Being honest here. Gratitude is hard.
Sure, being grateful comes easy sitting around the Thanksgiving table with family and friends, a homecooked meal waiting. In a blink the food’s gone, and our feeds are filled with Black Friday tempts and Cyber Monday deals. Then onto the Christmas frenzy of trying to find the perfect gift yet again.
I think of lather, wash, repeat in reflecting on so much of what fills day-to-day life — emails, scurrying from one task to the next, grab-and-go food and just plain stuff. I try to mean my “Thank yous” when I say them, but truly celebrating gratitude beyond life’s special days means finding it during the ordinary ones.
While a colorful sunset or an eye-catching glimpse of the water can be helpful reminders, when I think about what I’m really grateful for, it comes back to people. Finding the balance between appreciating the moment but not spoiling it by realizing you almost certainly won’t have it forever tends to trip me up.
That’s why getting it right is so rewarding.
For something like 20 years, I played mixed doubles with an older guy — the word “elderly” never seemed to describe Jack even though we were partners until he was 91 years old. We were part of a Newport News tennis league that met weekly at 7 p.m., and I cringe when I remember that often, I wasn’t enthused to high tail it to the courts after a full day’s work. Usually taking a nap sounded more inviting. Getting back in the car after a commute — no remote work back then — felt like a chore at times.
Yet I always went. And I was always glad I did. Jack beat me there every time, as did our opponents. I could make out his body language as I’d pull into the lot. He’d cheerfully call to me the moment he spotted my car. “Now I’m ready! There’s my partner.”
For two hours, we had an absolute blast. The energy I thought was drained from me resurfaced, even during those humid July nights when I was sweating before hitting the first ball. Whenever I told anyone my partner’s age, I think they envisioned us gently patting the ball back and forth. We never did that. Jack had a wicked slice serve and an even more deceiving slice forehand. He had good touch at the net and detested anyone lobbing him, but that’s what I was for. I had a great motor for reaching the balls behind him. We were unorthodox on the court but effective, having played years together. We didn’t play just for fun. Even though we talked between every point and didn’t take ourselves too seriously, we were super competitive every time out.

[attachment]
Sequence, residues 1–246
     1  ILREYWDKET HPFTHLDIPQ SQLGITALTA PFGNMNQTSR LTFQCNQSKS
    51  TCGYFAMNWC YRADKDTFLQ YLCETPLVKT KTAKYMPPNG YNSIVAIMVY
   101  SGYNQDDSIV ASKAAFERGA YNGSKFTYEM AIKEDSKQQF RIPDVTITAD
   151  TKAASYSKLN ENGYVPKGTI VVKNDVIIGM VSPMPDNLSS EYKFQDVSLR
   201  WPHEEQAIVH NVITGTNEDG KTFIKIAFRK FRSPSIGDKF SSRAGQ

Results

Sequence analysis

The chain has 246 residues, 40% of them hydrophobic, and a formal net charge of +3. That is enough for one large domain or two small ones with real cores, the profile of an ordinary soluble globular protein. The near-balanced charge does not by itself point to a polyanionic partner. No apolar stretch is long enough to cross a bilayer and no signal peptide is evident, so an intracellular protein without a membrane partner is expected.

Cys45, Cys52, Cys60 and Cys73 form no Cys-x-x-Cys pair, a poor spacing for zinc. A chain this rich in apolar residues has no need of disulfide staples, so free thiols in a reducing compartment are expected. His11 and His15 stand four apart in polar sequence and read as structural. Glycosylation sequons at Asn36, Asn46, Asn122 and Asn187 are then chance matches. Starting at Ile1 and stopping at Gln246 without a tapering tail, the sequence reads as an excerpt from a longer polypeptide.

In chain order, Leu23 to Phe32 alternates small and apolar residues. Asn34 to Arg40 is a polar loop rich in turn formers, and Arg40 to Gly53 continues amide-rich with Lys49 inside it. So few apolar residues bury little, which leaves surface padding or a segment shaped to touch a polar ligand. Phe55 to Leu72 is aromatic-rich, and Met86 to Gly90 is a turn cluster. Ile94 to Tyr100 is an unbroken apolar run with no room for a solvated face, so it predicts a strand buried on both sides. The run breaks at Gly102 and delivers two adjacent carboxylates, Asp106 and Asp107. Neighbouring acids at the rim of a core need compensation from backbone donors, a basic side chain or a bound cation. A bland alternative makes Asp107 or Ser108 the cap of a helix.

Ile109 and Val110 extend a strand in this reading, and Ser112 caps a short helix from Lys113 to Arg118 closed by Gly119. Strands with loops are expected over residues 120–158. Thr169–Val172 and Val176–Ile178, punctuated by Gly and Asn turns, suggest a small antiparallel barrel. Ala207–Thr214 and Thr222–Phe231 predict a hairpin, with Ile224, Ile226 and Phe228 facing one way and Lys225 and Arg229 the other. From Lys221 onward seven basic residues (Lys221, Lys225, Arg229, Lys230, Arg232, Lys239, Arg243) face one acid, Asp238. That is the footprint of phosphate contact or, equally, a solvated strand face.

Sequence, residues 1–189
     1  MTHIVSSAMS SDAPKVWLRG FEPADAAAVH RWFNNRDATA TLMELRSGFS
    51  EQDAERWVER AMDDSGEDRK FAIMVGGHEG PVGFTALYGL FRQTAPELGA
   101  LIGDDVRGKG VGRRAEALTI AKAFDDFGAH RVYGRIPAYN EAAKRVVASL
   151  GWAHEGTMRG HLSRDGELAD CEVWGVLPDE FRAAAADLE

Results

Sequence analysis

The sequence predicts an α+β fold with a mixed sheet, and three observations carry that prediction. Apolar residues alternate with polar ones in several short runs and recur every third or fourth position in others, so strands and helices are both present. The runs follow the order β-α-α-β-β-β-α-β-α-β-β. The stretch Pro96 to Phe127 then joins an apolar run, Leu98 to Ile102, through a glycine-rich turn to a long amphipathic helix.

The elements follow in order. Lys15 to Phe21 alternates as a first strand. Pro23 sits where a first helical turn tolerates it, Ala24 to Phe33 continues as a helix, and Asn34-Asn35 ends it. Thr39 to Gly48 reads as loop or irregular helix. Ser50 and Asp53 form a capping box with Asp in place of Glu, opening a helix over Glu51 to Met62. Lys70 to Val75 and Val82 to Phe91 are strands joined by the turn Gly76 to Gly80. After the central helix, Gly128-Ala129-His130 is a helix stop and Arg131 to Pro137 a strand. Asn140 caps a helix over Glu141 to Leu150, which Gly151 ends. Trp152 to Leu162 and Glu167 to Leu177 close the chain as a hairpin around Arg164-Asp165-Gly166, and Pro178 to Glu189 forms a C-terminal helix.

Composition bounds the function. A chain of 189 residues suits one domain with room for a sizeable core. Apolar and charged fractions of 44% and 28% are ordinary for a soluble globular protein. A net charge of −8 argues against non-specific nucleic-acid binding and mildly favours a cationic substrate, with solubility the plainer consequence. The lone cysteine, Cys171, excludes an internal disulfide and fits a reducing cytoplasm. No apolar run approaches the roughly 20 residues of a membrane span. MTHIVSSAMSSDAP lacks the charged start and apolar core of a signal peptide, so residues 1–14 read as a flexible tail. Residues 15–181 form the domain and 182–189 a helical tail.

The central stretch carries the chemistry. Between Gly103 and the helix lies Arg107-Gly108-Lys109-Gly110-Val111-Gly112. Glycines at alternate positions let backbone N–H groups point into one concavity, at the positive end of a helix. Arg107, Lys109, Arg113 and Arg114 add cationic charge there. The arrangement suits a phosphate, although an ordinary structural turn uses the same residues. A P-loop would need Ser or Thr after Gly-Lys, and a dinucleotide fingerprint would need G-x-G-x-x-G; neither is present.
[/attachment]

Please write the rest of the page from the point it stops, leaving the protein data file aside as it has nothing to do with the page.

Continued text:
Those rare times when Jack would double fault, he’d insist, “I haven’t done that since 19…….”
We didn’t argue calls — that’s pretty standard in recreational tennis. But we’d turn our backs and mutter a few choice words about it.
When Jack was 85 or so, something in me recognized how special this relationship was. I knew I wouldn’t have it forever. Suddenly, those nights in Hilton Village on the clay court alongside Jack became my favorite ones of the week. I began to probe him with all sorts of questions. In between games, I’d ask about random things that he enjoyed sharing. I remember him telling me that while he was in the Navy during World War II, his platoon yearned for not just beer but cold beer and they put the unopened cans close to the river banks for that reason. Until the Japanese discovered them.
“They drank our beer!” he said.
We talked about his mom, his sons and grandkids, Duke basketball and the coach in him. Jack coached AAU basketball well into his 80s. His potato salad was famous, and he would often bring me a plate of oatmeal cookies he had made from the recipe on the back of the Quaker Oats box.
I never saw his age, but when Jack turned 90, it truly seemed remarkable to me that not only could he be mobile for two hours. He could move. His mind was sharp. His wit was quick. He’d insist I could benefit from a younger, more spry partner. We joked about the idea of my advertising for one in the newspaper.
If he missed an easy shot, our eyes would meet, and he’d say, “Don’t check the classifieds just yet.”
Jack died in 2017, four years ago today. I have his racket. More importantly, I have no regrets, only gratitude for my friendship with him that morphed into something I carry with me today.
In my high school yearbook, my senior year quote read, “Happiness isn’t something you experience. It’s something you remember.” I’ve led a lot of my life that way, especially in these years when the gap of the last time I saw my parents only widens. Jack taught me to appreciate, to savor, to cherish what I have when I still have it.
Jack taught me to think about gratitude in the moment, not after it’s lost. That’s not just a lesson for the holiday season. It’s a lesson for life.
Vicki L. Friedman writes for Consociate Media after a long career in sports writing, journalism and professional communications. She is a mom to two grown sons, Harry and Ben, and three Japanese chins.